At least a couple of times a month, I have a phone conversation with someone at a college or university who is on the verge of a web redesign project. Occasionally, I also hear from individuals who want to know more about how we established a creative services office at William & Mary.
I enjoy talking with others who work in higher education. It’s fun to share my experiences related to selecting a CMS, managing relationships with external partners, writing RFPs, testing designs, and even how to go about confirming IA. During a recent conversation, the person on the other end of the phone said, “You certainly have been lucky and in the right place at the right time.” I’ve been thinking about that comment for the past few days. With a nod to Tina Turner, my initial reaction was, “What’s luck got to do with it?”
After reflection, I agree I have been lucky. Web communication has been a part of my career for 13 years and, more than once, luck was on my side:
- I was in the room when William & Mary’s webmaster (it was 1999) announced that we needed a “toolkit” for departments to use for managing their web pages. At the time, my IT web team took that grain of an idea and turned it into our first CMS (a homegrown templating system we deployed and supported).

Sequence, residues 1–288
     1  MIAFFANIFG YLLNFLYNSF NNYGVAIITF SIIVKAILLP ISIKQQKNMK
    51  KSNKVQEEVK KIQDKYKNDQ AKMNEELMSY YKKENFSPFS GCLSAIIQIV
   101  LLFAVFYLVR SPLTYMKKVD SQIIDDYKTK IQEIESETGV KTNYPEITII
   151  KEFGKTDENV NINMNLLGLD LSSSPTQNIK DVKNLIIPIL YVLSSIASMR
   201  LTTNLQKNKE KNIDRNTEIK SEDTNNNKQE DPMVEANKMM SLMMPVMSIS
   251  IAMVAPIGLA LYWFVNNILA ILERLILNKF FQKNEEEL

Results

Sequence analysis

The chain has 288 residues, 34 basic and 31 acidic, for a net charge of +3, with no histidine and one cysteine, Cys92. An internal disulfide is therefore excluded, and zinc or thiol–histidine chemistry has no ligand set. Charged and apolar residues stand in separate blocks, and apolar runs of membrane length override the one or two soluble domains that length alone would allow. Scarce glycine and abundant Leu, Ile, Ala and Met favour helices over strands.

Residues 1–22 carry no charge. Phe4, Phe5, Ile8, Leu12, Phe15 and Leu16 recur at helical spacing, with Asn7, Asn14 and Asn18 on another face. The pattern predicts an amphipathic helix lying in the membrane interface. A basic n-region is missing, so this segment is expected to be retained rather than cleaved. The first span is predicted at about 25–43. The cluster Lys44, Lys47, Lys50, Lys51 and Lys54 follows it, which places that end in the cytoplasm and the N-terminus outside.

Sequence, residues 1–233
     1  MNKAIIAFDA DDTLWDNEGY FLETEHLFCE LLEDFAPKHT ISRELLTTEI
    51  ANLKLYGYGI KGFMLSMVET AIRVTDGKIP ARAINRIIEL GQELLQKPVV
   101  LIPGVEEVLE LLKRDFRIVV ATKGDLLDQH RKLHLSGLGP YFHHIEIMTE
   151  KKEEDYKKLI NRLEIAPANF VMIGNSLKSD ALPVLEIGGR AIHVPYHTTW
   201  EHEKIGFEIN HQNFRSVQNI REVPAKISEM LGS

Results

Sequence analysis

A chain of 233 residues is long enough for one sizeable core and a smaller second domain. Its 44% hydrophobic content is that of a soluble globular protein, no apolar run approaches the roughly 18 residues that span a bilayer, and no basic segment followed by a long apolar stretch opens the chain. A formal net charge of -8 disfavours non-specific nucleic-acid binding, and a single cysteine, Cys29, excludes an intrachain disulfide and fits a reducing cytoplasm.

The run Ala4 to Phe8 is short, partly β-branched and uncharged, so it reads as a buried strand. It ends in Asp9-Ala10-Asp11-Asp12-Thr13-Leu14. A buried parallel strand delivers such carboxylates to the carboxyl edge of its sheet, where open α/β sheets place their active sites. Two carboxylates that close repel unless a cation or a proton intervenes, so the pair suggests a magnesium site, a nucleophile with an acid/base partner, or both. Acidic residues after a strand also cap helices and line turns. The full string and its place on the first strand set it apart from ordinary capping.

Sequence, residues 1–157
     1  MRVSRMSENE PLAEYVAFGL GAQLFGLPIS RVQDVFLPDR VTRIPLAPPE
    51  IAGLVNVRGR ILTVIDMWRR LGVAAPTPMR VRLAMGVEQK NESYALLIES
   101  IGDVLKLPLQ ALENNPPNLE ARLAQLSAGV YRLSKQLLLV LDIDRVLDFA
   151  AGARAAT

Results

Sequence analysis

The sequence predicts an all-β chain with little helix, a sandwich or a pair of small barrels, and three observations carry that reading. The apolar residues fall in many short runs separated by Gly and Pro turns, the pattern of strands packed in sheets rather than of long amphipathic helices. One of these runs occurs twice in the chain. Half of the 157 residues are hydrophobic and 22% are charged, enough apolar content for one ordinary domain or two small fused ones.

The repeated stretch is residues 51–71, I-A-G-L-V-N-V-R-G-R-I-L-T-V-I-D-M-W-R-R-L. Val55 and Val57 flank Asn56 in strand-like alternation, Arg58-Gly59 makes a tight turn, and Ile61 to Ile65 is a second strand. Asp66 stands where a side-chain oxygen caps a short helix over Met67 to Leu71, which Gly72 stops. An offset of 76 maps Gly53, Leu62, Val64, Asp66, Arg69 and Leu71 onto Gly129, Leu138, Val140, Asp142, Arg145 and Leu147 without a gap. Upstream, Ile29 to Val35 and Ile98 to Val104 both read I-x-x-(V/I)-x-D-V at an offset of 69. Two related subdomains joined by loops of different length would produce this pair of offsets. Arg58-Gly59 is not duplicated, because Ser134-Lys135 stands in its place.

- The provost, and then executive sponsor for the 2007-2009 web redesign project at William & Mary, announced to the faculty that prospective students would be the primary audience for the new university website. Some of you may not recognize the importance of this proclamation; my guess is, if you’ve ever led a redesign project, you’ll immediately understand.
- mStoner came to campus and gave a killer presentation. That July 2007 meeting with Voltaire Santos Miran and Patrick DiMichele turned into a successful partnership that was, and still is, critical to the William & Mary communication strategy.
- I married a professor. Well, he wasn’t when I married him and it’s not the reason I did. Still, the perspective I’ve gained and the depth of understanding I have about the academic enterprise is directly tied to the life we’ve built together.
Perhaps it’s true, I’ve been at the lucky crossroad where preparation and opportunity collided.